Monday, December 5, 2011

Representative democracy

By Bill Kraus

I know, I know. It isn’t perfect. It never was. There were always representatives who represented something other than the people who elected them. Like money. Or even something purely self serving.

With “advantage” redistricting doing maximum damage, there are more and more “representatives” who represent a segment or two of the electorate and markedly fewer representatives who believe that while they were undeniably elected by a percentage of the voters they represent everyone in the district they were elected to represent.

These untoward trends and developments are naturally exacerbated when the representatives of one party win majorities in both houses and control the executive office as well.

The question then is whether the two main ideas being used to offset these inherent flaws in this imperfect system are really improvements.

The first and most longstanding idea is something called “Initiative and Referendum.” It is on display in various incarnations in various places. It is running amok in California. The ballots are big city phone book size in that state to accommodate all the referendi that are seeking enactment outside of the representative system. “The people,” we are told, are active participants in the process.

If this is true, the people need a short course in consistency. In California, to cite only one of several aberrations, “the people” put a cap on spending on education while mandating smaller class sizes which inevitably require an increase of the education budget.

On closer examination it becomes obvious that this is not “the people” speaking after all. It is the anti-tax anarchists with their money and the education organizations with theirs. Both seem to have won. Unfortunately, California has lost. The best ads and the biggest spending prevail. And the winners are...TV stations and professional campaign organizations.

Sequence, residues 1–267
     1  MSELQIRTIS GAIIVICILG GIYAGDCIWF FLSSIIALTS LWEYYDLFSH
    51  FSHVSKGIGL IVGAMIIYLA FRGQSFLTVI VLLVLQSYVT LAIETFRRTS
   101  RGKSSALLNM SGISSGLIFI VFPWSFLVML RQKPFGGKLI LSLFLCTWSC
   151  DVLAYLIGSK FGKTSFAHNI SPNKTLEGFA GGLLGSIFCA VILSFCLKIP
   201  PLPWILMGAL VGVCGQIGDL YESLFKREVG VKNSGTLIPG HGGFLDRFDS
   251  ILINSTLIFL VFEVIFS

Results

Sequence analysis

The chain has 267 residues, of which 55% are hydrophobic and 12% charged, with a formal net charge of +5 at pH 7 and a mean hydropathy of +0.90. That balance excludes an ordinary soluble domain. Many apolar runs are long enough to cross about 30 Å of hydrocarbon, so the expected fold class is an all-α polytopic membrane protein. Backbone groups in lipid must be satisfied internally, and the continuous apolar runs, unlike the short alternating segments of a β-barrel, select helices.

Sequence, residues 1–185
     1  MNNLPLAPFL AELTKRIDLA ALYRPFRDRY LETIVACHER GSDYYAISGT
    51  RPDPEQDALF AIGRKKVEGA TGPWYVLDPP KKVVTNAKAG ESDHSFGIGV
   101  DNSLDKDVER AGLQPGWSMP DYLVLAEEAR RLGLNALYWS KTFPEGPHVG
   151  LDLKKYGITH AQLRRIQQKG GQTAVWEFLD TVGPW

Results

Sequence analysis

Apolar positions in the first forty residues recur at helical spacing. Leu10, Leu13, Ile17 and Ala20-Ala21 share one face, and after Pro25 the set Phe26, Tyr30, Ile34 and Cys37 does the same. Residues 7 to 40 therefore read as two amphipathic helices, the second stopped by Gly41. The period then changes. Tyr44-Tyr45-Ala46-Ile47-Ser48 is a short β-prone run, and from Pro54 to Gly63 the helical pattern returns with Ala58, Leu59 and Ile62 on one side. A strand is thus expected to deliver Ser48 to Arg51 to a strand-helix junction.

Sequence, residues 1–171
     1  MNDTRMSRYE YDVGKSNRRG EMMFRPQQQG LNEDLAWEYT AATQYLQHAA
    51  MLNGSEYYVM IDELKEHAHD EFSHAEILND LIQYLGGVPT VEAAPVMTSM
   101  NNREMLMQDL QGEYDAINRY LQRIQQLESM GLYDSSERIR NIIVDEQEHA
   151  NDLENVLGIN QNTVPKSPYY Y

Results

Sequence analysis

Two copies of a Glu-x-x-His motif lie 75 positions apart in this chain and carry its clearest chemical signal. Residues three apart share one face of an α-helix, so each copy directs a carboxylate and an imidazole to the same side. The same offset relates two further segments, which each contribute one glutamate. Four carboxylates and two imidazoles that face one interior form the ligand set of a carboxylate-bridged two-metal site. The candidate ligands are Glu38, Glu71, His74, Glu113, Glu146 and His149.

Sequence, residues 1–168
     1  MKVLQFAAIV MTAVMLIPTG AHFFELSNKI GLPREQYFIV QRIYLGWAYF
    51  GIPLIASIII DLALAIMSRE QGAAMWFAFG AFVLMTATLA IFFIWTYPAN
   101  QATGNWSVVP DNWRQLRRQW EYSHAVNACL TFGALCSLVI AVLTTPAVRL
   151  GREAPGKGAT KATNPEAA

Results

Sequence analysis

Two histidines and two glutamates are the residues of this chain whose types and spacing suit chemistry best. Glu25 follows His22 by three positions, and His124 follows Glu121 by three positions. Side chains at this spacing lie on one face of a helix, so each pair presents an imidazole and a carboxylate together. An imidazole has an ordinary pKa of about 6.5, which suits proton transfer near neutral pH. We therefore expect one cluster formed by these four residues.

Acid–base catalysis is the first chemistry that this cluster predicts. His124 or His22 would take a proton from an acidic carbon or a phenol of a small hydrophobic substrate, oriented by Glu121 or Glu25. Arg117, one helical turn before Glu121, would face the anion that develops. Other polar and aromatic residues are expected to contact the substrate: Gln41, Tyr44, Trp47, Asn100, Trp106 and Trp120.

I concede that as I have pushed the Sisyphean rock of campaign reform up the legislative mountain over the non-dead bodies of recalcitrant Republicans and duplicitous Democrats I have wished for a route around them. I have concluded the initiative and referendum price is too high.

The other, more recent, movement comes out of the Wisconsin winter of our discontent protests of 2011. Its proponents say that government by recall is a way for “the people” to participate more fully in their democracy and also a way around the invincible, insular representatives who are representing their own interests (and the people who fund their campaigns) instead of the voters who elected them and the people they are elected to represent.

Recall number one failed in its objectives to a.) reclaim a majority in the state Senate for the Democrats and b.) punish those Democrats for decamping to Illinois to fully disrupt the process of representative government.

Recall number two is an expensive, time-consuming, distracting effort to remove the governor for his excesses in his use of the extraordinary powers that devolved on him and his office in the 2010 election.

There is a recall number three possibility afoot as well, which would target legislative miscreants of both parties for as yet unnamed sins of commission or omission.

The assertion is that all of this activity will improve representative government. I doubt it. What it will improve, of course, is the economic well being of the same TV stations and professional campaigners who are routinely enriched in California.

To misquote Winston Churchill, “Representative government is the worst possible system except for all those other systems.”

Follow Bill Kraus on:
twitter / wmkraus

Bill Kraus is the Co-Chair of Common Cause in Wisconsin's State Governing Board

No comments:

Post a Comment